I’ve not posted for a while. Today I’m catching-up with a miscellany of stuff, good and bad.
I spent a week in the UK visiting my mother and returned depressed at the toll late-stage Alzheimer’s is having on that wonderful woman. Then I heard that my 11 year old nephew had succumbed to cancer. It was the tragic loss of a bright and cheery child, much loved by his classmates and well-known to the other residents of the small Scottish village, as demonstrated by the full church. It was a sensitive service, taking account of the age and confusion of the many young attendees. My thoughts continue to linger with his parents and younger siblings.
Grumpy Old man
I mentioned in an earlier post how the construction work on the land next to mine was disruptive to my life, my creativity and my whole universe. My neighbors tell me that the builders thought I was a grumpy old man. Me?
Yes, I complained when their trucks blocked my drive and parked on my garden. Also when they ran heavy machinery outside of legal hours (early mornings and late nights), and again when they knocked down my garden fence. Pointing-out the anti-social aspects of such behavior sounds perfectly reasonable to me. But that’s only my own perspective. Maybe I am too self-centered?
Attended my first Convention briefly last weekend – LuxCon 2015. Scores of cosplayers (people dressed as fictional characters in exotic costumes) and collectibles’ vendors, an assemblage of authors and a mass of happy attendees. A huge success for such a small host country (Luxembourg), running only its second such event. Well done, organisers, and sorry I couldn’t stick around for the whole weekend.
Next weekend, I’m attending “Dysprosium“, the 2015 event in the UK’s Eastercon series. It’s a well-established and huge affair in a massive market, so the comparison with the Luxembourg event will be interesting. I was lucky enough to score places in three of the writing workshops, so they will be the “icing on the cake” of the long weekend. I’ll also be meeting-up with my best friend from University days, whom I haven’t seen for far too long.
Ah, yes, the writing stuff… Not a lot of progress in recent weeks.
I mostly write hard-ish SciFi and wander into Fantasy at times, in my short stories. My Work-In-Progress had been a far-future SciFi series. But late in 2014, I had the urge to try my hand at a 1950’s detective mystery with hints of the paranormal. Don’t ask me why. It took over from my other projects and I really enjoyed myself, taking a break from my usual genres.
Anyway, it’s nearing completion and alpha-readers have responded well. I’ll be posting sections during April, to test for a wider reaction. I’ll announce updates as they appear.
Meanwhile, in the words of another person lost to us last month, may you all “Live Long and Prosper”.
11 thoughts on “Catching Up”
So sorry for your losses, Andy. Losing a child is one of the worst of tragedies. But Alzheimer’s is equally tragic for the protracted cruelty that it imposes upon both the patient and those who care for and about that person. I wish you and your Mother well.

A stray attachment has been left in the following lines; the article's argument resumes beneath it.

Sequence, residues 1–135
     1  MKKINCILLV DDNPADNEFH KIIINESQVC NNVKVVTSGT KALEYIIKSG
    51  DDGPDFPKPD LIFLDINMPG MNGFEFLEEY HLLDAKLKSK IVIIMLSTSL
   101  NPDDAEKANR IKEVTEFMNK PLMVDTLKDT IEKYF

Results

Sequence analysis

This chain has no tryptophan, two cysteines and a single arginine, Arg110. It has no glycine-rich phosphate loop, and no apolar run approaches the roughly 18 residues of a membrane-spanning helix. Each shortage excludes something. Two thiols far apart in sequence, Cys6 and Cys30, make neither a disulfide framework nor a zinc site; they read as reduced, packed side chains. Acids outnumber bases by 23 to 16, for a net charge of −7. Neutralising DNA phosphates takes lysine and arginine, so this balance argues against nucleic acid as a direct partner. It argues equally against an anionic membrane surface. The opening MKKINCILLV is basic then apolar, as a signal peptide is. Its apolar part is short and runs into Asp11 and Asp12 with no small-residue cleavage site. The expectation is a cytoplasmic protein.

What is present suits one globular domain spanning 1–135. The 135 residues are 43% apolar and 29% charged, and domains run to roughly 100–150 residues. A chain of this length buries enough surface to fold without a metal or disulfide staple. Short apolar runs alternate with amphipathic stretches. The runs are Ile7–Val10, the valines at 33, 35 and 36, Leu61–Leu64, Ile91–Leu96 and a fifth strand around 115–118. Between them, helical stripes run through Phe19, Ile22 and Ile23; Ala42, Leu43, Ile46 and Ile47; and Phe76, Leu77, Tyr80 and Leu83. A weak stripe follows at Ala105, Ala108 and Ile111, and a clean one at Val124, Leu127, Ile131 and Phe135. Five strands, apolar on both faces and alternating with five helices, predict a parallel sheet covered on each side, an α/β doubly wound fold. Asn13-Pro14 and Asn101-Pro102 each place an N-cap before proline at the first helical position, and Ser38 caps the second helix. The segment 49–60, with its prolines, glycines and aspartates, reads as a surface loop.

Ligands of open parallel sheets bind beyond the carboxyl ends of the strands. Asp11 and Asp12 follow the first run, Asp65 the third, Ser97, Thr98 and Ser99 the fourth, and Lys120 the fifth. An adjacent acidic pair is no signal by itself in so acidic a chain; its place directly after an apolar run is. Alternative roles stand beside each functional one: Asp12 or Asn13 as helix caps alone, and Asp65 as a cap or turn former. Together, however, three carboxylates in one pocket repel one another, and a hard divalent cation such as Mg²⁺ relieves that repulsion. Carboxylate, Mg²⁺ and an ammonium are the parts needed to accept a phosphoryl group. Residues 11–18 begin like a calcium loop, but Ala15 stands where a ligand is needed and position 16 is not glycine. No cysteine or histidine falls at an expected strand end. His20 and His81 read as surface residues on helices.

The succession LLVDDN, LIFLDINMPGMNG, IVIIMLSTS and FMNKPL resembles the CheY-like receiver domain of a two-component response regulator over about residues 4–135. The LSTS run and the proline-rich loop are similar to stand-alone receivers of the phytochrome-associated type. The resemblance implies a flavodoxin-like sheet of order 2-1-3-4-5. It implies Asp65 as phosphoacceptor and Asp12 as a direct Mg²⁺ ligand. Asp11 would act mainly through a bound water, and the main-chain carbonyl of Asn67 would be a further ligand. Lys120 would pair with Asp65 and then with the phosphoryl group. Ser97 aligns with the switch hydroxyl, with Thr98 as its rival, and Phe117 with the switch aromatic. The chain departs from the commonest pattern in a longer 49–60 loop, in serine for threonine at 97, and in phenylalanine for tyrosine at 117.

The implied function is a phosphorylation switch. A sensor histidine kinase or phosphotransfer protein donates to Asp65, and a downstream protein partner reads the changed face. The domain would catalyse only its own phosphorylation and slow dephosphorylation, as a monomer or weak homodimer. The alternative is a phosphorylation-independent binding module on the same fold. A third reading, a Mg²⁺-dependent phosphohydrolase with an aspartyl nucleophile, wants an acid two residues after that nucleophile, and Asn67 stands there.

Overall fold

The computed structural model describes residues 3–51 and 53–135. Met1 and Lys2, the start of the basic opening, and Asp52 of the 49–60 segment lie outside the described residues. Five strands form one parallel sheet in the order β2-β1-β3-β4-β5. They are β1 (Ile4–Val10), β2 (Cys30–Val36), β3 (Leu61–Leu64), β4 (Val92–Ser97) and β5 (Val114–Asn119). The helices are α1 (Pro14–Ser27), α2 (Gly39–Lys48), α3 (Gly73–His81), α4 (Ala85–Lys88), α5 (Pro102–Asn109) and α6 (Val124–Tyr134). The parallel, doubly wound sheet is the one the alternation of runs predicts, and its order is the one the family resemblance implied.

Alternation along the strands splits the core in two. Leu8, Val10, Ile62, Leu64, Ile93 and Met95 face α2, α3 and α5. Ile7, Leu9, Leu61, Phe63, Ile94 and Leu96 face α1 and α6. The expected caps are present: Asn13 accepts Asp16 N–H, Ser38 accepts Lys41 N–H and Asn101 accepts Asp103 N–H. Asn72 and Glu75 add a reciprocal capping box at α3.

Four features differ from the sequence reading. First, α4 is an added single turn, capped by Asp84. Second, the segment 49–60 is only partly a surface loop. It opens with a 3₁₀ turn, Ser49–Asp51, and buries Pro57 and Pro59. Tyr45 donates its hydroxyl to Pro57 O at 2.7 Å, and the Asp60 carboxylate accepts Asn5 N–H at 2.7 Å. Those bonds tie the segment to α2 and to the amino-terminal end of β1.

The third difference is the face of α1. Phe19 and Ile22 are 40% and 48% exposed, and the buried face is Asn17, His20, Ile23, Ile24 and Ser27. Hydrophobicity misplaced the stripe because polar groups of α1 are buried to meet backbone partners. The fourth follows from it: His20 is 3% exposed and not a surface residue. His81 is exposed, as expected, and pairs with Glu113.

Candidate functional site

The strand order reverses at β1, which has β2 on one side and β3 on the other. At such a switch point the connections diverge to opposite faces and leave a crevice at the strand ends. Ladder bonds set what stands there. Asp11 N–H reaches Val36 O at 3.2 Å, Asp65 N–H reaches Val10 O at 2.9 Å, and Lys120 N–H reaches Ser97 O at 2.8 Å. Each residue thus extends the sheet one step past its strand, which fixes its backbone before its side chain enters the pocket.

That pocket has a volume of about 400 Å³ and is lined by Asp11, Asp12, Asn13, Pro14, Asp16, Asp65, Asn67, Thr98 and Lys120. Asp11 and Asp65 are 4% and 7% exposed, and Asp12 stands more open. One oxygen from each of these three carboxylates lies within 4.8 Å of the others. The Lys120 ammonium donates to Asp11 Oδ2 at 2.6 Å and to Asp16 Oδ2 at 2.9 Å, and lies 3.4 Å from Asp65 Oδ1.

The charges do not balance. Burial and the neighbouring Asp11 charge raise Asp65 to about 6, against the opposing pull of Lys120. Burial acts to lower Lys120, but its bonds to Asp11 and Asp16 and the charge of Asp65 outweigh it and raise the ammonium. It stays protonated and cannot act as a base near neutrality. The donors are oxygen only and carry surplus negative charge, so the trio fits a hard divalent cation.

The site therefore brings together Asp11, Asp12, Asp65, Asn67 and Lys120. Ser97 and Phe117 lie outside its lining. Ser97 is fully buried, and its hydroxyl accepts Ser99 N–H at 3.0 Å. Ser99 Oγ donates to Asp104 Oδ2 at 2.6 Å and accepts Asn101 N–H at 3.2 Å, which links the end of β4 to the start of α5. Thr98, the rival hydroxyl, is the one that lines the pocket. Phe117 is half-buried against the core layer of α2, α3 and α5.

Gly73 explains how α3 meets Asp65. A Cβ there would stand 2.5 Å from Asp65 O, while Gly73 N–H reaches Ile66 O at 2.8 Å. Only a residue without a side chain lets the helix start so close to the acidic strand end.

Thank you, James.
Losing a child feels so “wrong”, so ultimately contrary to the order of things. In our high-tech society, we have become used to our children outliving us. In many ways it is even more overwhelming than the loss of older relatives and friends who have lived out a “fairer” span of years.
And yet, at the other end of that span, to watch a parent’s memories and shared experiences fade away is a slow torture for those close to them. Again, it feels so “wrong”. We feel that our later years are a time to reflect on how we came to be who we are, to bask in the treasury of memory, to cherish the golden times and to pass on the wisdom we hope we have gained from our experiences both good and bad. Alzheimer’s plucks those ripe fruits and tramples them underfoot, leaving confusion and frustration – bitter fruit.
“…Last scene of all,
That ends this strange eventful history,
Is second childishness and mere oblivion,
Sans teeth, sans eyes, sans taste, sans everything”
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Andy, first I am so sorry for your loss. y deepest sympathy to you and your family.And the best of everything in regards to your mother. Sounds like you have been extra busy with all your writing projects and I wish you te best with your detective story! Let us know how the progress on that goes with your readers.
Thank you for your kind thoughts, Jacqui.
I saw “Still Alice” last night and it made me weep. A well-deserved Oscar for Julianne Moore in a timely and sensitive consideration of how Alzheimer’s erodes a person and affects those close to the sufferer. As a writer and (sometime) actor, whose raw materials are words and communication skills, it carries a particular horror for me. We can only hope that human ingenuity will discover a prevention, although a cure for the advanced stages – a recovery of lost memories – will remain unachievable.
Us Grumpy Old Men are entitled to the quiet enjoyment of their homes and property. Don’t give up the fight, Andy.
If I can’t be a Grumpy Young Man, then I’ll grab what I can as age creeps up on me 😉
good luck with the writing – hope you get more time to spend on it…
As you will see in my next post, my travels are not yet over…
Sorry to hear about your family, Andy.
Thanks for your kind thoughts, S.F.
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